Chicago Bears: Takeaways from rookies’ performances versus the Bills
By Evan Bruner
The Chicago Bears lost an ugly 41-15 game to the Buffalo Bills on Saturday. As the Bears begin to set their sights on their Week 1 matchup against the Los Angeles Rams, several rookies are trying to prove their worth in the final stages of the preseason.
Although the game was awful to watch and even worse on paper, we have to remember that this was just a preseason game. We need to look at each player on a more individual level. Right now, one thing we can hold out hope for is the 2021 rookie class. Outside of Teven Jenkins who just had back surgery, let’s take a look at how the rookies did in this game.
The Chicago Bears 2021 rookie draft class
Justin Fields, QB
Once again, all eyes were on the Bears’ rookie quarterback. Justin Fields watched the entire first half from the sidelines as Andy Dalton’s offense struggled to get anything going. Fields had his moments, but he wasn’t able to be the spark plug for the Chicago Bears that he was last week.
To start, the offensive line wasn’t able to protect their young quarterback. Fields took two sacks and was forced out of the pocket several times when the pocket broke down. Bears fans had brief scares when Fields had his helmet taken off from an illegal hit from an unblocked rusher and when he came up limping after another hit from a defender. Fields stayed in the game and didn’t seem to be playing hurt, but having a young quarterback take that many shots in an exhibition game is never ideal.
Fields completed nine of 19 passes for 80 yards and was the Chicago Bears leading rusher with 46 yards. Fields made some nice throws and flashed his elite rushing ability; however, it was far from the performance he or Bears Fans wanted. All signs are pointing towards Andy Dalton starting Week 1. In fact, Matt Nagy came out and said it again after the game.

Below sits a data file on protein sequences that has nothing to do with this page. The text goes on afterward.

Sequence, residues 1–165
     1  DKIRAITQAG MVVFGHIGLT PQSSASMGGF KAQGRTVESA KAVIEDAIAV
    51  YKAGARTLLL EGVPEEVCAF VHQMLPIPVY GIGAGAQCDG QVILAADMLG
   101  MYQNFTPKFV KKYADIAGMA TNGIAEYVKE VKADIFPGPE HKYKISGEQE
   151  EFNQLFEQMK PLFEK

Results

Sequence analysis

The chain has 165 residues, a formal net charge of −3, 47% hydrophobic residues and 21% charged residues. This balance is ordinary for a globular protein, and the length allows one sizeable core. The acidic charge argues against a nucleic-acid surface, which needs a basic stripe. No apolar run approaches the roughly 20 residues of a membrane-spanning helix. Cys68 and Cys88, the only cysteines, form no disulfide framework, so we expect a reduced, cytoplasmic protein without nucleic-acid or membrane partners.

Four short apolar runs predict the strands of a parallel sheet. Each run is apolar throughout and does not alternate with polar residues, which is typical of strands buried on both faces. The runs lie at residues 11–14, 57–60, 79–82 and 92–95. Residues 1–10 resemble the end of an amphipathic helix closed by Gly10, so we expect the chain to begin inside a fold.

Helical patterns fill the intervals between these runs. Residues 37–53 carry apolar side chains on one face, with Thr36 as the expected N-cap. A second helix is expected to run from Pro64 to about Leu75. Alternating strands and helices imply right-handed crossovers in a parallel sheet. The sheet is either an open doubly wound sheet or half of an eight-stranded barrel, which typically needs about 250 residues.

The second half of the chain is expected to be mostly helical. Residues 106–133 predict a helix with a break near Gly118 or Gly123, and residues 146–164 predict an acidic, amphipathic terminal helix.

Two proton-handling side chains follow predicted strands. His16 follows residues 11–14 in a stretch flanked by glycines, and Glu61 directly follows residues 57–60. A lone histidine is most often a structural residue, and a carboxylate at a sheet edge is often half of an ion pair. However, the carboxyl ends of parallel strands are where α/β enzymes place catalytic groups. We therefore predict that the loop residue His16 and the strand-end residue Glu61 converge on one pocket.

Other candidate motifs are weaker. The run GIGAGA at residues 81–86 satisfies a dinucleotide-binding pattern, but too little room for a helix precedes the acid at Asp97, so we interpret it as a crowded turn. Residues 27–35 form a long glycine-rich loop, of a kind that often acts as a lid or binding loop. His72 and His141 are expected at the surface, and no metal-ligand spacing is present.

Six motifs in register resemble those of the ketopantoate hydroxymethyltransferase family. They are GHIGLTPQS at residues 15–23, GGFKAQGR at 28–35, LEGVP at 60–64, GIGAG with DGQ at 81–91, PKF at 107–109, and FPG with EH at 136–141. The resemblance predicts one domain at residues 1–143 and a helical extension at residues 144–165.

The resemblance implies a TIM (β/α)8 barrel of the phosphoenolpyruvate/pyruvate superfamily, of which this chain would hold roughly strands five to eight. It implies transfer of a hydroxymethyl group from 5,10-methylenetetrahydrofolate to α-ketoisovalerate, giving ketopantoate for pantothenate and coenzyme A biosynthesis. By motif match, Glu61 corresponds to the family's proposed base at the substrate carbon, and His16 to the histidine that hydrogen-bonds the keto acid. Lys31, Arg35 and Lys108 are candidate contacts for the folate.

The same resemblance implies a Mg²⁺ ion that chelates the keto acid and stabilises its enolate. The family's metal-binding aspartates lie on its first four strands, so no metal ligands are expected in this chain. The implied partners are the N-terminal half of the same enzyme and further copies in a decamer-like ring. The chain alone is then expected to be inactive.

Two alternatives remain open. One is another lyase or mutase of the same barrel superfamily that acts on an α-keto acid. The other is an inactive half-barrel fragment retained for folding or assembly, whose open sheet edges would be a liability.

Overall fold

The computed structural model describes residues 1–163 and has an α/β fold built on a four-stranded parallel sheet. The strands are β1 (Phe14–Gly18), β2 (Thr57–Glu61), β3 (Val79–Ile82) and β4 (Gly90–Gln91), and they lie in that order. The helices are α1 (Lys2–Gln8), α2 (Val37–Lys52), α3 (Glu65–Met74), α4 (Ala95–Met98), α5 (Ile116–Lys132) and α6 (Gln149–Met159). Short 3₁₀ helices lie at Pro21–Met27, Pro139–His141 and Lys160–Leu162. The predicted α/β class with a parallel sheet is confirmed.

Larry Borom, OT
Larry Borom saw some action against Buffalo after missing last week’s game against Miami and most of this week with a concussion. More than anything, it was good to see Borom finally get some in-game reps.
With the recent news of the Bears’ second-round offensive tackle, Teven Jenkins being sidelined for a significant amount of time, there will be some added pressure on the fifth-round pick. Overall, Borom looked pretty solid in his first action with the team, but he won’t be facing second and third-string rushers in the regular season.
Khalil Herbert, RB
Khalil Herbert has appeared to take the lead in the Bears kick return race. He returned four kicks for 75 yards in the first half. Herbert still looks like he’s adjusting to the role, but it’s good to see the Bears have started to narrow in on a guy to replace Cordarelle Patterson.
Herbert also made some contributions on offense, rushing for 15 yards and a touchdown and catching one pass for three yards. Herbert continues to prove that he can make an impact in multiple ways and could split reps with Damien Williams for the backup running spot early in the season.
Dazz Newsome, WR
Like Herbert, Dazz Newsome is using his versatility to help him get on the field. Newsome returned two punts for 13 yards and had one catch for seven yards. A collarbone injury sustained in OTAs has limited Newsome for most of the preseason. I expect him to have a bigger role in Chicago’s third and final preseason game.
Thomas Graham Jr., CB
The rookie out of Oregon, Thomas Graham, Jr. made the most of the few opportunities he had Saturday. He made a nice open-field tackle on the second-half kickoff and nearly intercepted a pass off Bills’ fourth-string quarterback, Davis Webb, in the fourth quarter. Since the Bears don’t have a lot of depth at cornerback, there is a chance that Graham could get some playing time in the regular season.
Khyiris Tonga, DT
Khyiris Tonga was one of the few bright spots on the Bears’ defense in the first half. Even though he only registered one solo tackle, Tonga made his presence felt throughout the first half. He did a great job of taking up blockers and was able to record multiple pressures. At age 25, Tonga doesn’t offer the long-term upside that others rookies do, but he’s a brought a lot of energy to the Bears and seems to have a good understanding of his role on the team.